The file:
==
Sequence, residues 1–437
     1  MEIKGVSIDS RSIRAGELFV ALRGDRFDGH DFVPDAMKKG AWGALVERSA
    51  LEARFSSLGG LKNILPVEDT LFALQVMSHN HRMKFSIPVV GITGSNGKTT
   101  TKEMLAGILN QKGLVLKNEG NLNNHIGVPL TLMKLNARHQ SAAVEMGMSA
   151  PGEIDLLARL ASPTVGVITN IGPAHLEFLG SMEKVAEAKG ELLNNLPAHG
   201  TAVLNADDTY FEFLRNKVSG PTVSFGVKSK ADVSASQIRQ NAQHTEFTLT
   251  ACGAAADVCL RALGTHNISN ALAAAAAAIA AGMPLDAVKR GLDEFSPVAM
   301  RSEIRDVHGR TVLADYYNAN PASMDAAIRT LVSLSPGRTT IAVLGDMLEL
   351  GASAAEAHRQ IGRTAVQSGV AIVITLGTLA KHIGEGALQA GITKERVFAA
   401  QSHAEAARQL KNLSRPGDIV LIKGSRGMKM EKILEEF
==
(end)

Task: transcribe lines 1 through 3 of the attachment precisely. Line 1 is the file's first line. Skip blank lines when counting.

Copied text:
Sequence, residues 1–437
     1  MEIKGVSIDS RSIRAGELFV ALRGDRFDGH DFVPDAMKKG AWGALVERSA
    51  LEARFSSLGG LKNILPVEDT LFALQVMSHN HRMKFSIPVV GITGSNGKTT